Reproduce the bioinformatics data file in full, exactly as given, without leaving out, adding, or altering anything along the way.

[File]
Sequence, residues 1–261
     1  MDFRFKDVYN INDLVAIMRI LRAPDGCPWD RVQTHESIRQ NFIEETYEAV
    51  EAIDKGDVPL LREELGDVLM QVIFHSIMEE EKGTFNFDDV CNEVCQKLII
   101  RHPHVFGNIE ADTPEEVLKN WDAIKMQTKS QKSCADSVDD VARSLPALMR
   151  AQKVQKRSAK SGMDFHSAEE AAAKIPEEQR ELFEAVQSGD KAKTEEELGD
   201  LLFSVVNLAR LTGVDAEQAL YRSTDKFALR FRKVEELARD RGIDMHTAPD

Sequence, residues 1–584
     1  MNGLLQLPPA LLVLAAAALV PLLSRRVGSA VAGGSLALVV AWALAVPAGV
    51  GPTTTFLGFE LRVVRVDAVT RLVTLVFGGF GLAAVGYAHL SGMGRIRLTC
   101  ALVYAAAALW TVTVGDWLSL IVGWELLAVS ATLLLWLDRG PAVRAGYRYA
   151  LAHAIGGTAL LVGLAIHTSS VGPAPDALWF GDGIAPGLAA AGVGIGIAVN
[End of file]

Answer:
Sequence, residues 1–261
     1  MDFRFKDVYN INDLVAIMRI LRAPDGCPWD RVQTHESIRQ NFIEETYEAV
    51  EAIDKGDVPL LREELGDVLM QVIFHSIMEE EKGTFNFDDV CNEVCQKLII
   101  RHPHVFGNIE ADTPEEVLKN WDAIKMQTKS QKSCADSVDD VARSLPALMR
   151  AQKVQKRSAK SGMDFHSAEE AAAKIPEEQR ELFEAVQSGD KAKTEEELGD
   201  LLFSVVNLAR LTGVDAEQAL YRSTDKFALR FRKVEELARD RGIDMHTAPD

Sequence, residues 1–584
     1  MNGLLQLPPA LLVLAAAALV PLLSRRVGSA VAGGSLALVV AWALAVPAGV
    51  GPTTTFLGFE LRVVRVDAVT RLVTLVFGGF GLAAVGYAHL SGMGRIRLTC
   101  ALVYAAAALW TVTVGDWLSL IVGWELLAVS ATLLLWLDRG PAVRAGYRYA
   151  LAHAIGGTAL LVGLAIHTSS VGPAPDALWF GDGIAPGLAA AGVGIGIAVN